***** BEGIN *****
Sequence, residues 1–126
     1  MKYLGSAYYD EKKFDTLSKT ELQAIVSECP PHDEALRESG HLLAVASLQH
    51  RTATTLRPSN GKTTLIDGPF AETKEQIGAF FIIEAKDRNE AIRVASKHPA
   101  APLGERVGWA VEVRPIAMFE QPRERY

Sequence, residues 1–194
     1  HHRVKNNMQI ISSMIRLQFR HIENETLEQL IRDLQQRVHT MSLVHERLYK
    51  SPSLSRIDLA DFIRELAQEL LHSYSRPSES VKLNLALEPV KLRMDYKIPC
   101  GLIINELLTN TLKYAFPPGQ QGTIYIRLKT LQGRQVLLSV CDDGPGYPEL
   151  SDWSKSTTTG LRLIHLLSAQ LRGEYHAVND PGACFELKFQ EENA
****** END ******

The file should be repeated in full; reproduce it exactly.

Sequence, residues 1–126
     1  MKYLGSAYYD EKKFDTLSKT ELQAIVSECP PHDEALRESG HLLAVASLQH
    51  RTATTLRPSN GKTTLIDGPF AETKEQIGAF FIIEAKDRNE AIRVASKHPA
   101  APLGERVGWA VEVRPIAMFE QPRERY

Sequence, residues 1–194
     1  HHRVKNNMQI ISSMIRLQFR HIENETLEQL IRDLQQRVHT MSLVHERLYK
    51  SPSLSRIDLA DFIRELAQEL LHSYSRPSES VKLNLALEPV KLRMDYKIPC
   101  GLIINELLTN TLKYAFPPGQ QGTIYIRLKT LQGRQVLLSV CDDGPGYPEL
   151  SDWSKSTTTG LRLIHLLSAQ LRGEYHAVND PGACFELKFQ EENA